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The synthetic melanin that will act as a natural radiation filter

Dye-like nanoparticles may protect cells from the sun's harmful rays

Illustration: pixabay.
Illustration: pixabay.

By Matthew Sedka, the article is published with the approval of Scientific American Israel and the Ort Israel Network 29.10.2017

In the hot summer months, many people feel the need to apply large amounts of sunscreen on their skin to prevent the sun from damaging it. But scientists have found a new way to block this dangerous radiation: nanoparticles that mimic the action of melanin and protect the skin cells from the inside. If proven to work, this approach could be used to develop more effective topical protection and perhaps even treatments for certain skin diseases.

The use of color (pigment) Melanin, which gives our skin a darker color, is one of the body's main natural defenses against the damage that ultraviolet radiation can cause to DNA. Under the surface of the skin there are special cells that secrete Melanosomes, which produce melanin, store it and transport it. These structures are absorbed by skin cells called Keratinocytes, and create shells around the cell nuclei that block the ultraviolet radiation. But in people suffering from diseases like albinism או macula Melanin production is not normal, so they are very vulnerable to the damage of ultraviolet radiation.

Researchers from the University of California, San Diego sang dopamine, a substance involved in the transmission of signals in the brain and other parts of the body, in a basic (alkaline) solution, and by doing so they created a synthetic version of these melanosomes. The chemical reaction that occurred caused the formation of melanin-like nanoparticles with shells and cores made of polydopamine, a polymer based on dopamine. When they were added to Petri dishes containing human keratinocytes, the skin cells absorbed the synthetic particles, and the particles dispersed around the cell nuclei like natural melanin.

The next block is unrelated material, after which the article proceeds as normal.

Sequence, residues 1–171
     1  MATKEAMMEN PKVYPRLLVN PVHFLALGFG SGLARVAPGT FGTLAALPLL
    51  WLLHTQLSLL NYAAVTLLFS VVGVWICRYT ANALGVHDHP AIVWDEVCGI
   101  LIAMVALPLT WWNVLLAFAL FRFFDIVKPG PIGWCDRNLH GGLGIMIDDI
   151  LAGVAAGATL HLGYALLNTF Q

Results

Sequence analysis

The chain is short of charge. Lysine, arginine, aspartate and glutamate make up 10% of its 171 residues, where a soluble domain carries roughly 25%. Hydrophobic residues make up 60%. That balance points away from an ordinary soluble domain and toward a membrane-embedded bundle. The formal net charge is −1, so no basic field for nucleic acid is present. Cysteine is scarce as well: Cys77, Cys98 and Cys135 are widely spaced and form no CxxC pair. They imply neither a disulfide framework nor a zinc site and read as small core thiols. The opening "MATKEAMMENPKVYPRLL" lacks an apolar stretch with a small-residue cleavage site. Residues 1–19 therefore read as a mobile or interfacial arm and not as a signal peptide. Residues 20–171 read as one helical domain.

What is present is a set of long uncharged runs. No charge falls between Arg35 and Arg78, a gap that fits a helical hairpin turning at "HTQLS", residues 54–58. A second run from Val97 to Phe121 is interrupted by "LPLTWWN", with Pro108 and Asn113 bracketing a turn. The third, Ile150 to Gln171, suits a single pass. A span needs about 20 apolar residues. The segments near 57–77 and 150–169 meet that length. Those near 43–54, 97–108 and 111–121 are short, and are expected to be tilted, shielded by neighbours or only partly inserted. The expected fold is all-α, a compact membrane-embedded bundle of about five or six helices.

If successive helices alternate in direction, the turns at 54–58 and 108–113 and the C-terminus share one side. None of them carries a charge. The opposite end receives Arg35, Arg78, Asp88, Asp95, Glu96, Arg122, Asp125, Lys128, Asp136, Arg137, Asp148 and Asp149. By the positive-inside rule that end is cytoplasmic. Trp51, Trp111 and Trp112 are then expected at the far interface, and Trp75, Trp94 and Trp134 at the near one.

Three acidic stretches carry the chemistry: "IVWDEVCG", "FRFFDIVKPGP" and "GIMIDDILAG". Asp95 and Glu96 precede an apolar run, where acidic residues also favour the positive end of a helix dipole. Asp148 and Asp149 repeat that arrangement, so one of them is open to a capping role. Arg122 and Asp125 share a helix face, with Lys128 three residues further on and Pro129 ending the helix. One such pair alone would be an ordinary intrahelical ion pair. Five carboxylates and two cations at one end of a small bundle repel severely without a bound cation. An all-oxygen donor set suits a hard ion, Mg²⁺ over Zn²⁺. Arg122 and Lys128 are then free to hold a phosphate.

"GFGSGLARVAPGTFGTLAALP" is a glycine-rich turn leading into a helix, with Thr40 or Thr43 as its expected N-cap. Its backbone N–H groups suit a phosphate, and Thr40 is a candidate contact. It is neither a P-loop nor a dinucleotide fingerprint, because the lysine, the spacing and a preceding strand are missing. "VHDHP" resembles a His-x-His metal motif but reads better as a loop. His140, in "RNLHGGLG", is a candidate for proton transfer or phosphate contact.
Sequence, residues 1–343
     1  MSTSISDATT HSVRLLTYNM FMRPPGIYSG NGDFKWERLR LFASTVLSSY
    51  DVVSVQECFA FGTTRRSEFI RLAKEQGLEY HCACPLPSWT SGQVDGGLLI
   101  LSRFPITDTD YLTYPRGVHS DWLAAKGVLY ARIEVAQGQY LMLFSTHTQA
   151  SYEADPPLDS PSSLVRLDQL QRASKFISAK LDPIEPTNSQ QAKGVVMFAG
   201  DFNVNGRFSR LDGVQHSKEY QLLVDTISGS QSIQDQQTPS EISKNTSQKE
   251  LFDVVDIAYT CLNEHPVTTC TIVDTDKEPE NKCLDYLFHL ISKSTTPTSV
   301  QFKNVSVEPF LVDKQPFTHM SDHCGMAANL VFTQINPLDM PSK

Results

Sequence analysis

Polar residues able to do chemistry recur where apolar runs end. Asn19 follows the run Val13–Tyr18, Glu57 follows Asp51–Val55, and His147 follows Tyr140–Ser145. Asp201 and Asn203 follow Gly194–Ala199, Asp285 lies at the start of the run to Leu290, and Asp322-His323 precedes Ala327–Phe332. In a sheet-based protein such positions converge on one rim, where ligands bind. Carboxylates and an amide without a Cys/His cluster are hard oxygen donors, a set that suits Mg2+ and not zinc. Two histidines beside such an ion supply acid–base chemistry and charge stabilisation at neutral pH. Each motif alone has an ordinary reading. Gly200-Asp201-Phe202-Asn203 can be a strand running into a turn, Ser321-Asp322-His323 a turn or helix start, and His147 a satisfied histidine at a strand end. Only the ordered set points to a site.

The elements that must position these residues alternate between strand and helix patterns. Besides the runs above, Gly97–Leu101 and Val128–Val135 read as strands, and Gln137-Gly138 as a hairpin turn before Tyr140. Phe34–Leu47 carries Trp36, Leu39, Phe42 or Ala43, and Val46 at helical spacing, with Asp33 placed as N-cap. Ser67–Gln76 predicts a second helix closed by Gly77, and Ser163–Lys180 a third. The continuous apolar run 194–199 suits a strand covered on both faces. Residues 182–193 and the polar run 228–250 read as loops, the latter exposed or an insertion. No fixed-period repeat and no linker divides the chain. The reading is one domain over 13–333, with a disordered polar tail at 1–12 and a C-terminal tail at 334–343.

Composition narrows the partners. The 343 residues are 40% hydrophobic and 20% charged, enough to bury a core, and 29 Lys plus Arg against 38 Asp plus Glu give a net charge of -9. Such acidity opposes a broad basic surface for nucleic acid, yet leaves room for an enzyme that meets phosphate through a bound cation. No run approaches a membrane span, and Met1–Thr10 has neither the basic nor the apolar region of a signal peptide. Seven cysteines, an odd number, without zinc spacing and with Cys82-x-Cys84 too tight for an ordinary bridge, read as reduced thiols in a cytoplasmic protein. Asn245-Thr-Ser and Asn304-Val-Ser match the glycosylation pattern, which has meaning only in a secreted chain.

The cells "are able to process [the synthetic nanoparticle] and turn it into a sort of covering around the nucleus," said the study's author, Nathan Gianski, a biochemist now working at Northwestern University. Like melanin, the synthetic substance also functions as a color that darkens the skin, but according to him, "it didn't just fill the cells and darken their color. He really fit into their structure."

The melanin-like particles were not only transferred and dispersed between the skin cells like natural melanin, but also protected the DNA of the cells. The researchers grew skin cells with such nanoparticles and then exposed them to ultraviolet radiation for three days. 50% of the cells that absorbed the nanoparticles survived, compared to only 10% of the cells without the nanoparticles. The findings were published earlier in 2017 in the journal ACS Central Science.

Now that the research group knows that the skin cells treat melanin-like nanoparticles like natural melanin, and that they can successfully protect the cells, the next step is to find out how the absorption mechanism works.

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